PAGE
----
So I’ve been working on two basic goals for my upcoming run in the ING New York City Marathon. The first is crossing the finish line; the second is crossing the finish line alive. Although, if there are some attractive young nurses at the medical station, I might be willing to go into cardiac arrest for a few minutes. Why let all that CPR training go to waste?
The marathon is the Mount Everest of running.
It is a tough race — one that will challenge runners physically and mentally. I’ve been training for more than six months —- running five miles a day through ice, snow, rain, humidity and scorching heat.
I’ve run more than a dozen races, four-milers, 10k’s and two half marathons. I’ve spent weeks in the gym building muscle and endurance. But even with all training, I’m still about 30 pounds overweight. I’m what they call a non-elite runner. (In runner’s language, I think that’s a nice way of saying I’m a moron.)
But the truth is, no matter how prepared you are —- running a marathon can be dangerous —- and as the nation learned a few weeks ago —- it can be deadly.
The Chicago Marathon is popular for its fast and flat course. But this year’s race was marred by scorching heat and humidity. And within hours of the start, what should have been a day of celebration turned into a 26.2-mile race for survival. When race organizers finally pulled the plug, hundreds of runners had succumbed to the heat and one runner died.
What happened in Chicago was an anomaly —- blamed on quirky weather. Still, lots of folks are wondering if what happened in the Windy City could happen in the Big Apple.
And seeing how the lone death was a guy in his 30s with a heart condition, and I’m a guy in my 30s with a heart condition, I’m sort of wondering the same thing.
The short answer is there’s no such thing as a sure bet. So I figured I’d best check in with two folks to get straight answers — my cardiologist and an Olympic marathon runner.
My cardiologist assured me that I would not blow out my new heart valve by running the marathon. My knees, on the other hand, well that’s another story. And it’s also good to know the valve comes with a lifetime guarantee —- let’s just hope there aren’t any recalls.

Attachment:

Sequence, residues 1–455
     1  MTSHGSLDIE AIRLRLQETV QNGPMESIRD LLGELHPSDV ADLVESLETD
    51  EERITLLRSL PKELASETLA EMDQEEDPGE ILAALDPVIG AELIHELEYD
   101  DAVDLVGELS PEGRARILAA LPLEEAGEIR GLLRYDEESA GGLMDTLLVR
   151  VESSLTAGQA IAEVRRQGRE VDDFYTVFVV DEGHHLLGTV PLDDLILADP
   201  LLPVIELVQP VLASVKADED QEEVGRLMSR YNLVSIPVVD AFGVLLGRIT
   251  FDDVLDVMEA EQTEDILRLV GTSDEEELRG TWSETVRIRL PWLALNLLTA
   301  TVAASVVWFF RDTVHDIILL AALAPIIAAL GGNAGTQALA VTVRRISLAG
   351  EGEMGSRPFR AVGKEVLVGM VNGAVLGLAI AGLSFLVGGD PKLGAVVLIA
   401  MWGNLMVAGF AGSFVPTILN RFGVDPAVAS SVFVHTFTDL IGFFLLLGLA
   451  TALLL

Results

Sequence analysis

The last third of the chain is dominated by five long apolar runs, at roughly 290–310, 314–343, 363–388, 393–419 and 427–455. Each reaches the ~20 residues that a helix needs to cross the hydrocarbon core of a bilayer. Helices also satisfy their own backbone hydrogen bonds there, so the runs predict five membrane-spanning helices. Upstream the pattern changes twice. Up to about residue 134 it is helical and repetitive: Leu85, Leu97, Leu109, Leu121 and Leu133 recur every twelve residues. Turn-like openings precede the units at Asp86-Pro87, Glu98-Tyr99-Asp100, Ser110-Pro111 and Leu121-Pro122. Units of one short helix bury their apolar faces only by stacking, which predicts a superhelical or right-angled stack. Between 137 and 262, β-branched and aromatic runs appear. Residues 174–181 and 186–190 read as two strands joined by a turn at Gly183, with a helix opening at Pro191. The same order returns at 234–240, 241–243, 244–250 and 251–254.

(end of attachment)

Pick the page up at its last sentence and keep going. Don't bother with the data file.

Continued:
But if my engine does backfire on the course, I’ll be ready. I’ll be running with a medical alert bracelet around my neck that should tell the doctors what’s broken and how to fix it. You’ve gotta love modern technology.
The other call I made was to Frank Shorter. He won the 1972 Olympic gold medal in the marathon. Who’d have thought his number would be in the phone book?
When I called, he was busy changing a flat tire on his car —- but he was kind enough to give me his two cents worth about what happened in Chicago and my chances of actually finishing the NYC Marathon.
"I think they made right call in Chicago," he said, talking about canceling the race. "Hindsight is 20-20." Frank was in Chicago and decided to find out for himself how hot it was. "I’m good at running in hot weather, but I didn’t know how bad it was until I started to run."
Hotter than a bottle of Tabasco sauce, it was, some folks said.
But could it happen in New York? Highly unlikely, he said. "Chicago was a unique circumstance. And even if the weather is bad in New York, there will be an emergency plan in place, ready to go. The New York Road Runners do a wonderful job of handling the marathon."
As for my chances of finishing the race?
"Well, you have to go into it with your eyes wide open," he said. "Don’t worry about how fast you run and have a whole series of back up plans. Run. Walk. Stop and take a shower. The pleasing part of the marathon is finishing the distance."
But he also left me with this warning —- the distance itself is the challenge.
Tomorrow, I’ll be sharing some interesting observations I’ve made about the running world.
Todd Starnes is a network news anchor for Fox News Radio. His blog will run daily leading up to the Nov. 4 New York City Marathon.
Todd Starnes is host of Fox News & Commentary, heard on hundreds of radio stations. His latest book is “The Deplorables’ Guide to Making America Great Again.” Follow Todd on Twitter @ToddStarnes and find him on Facebook.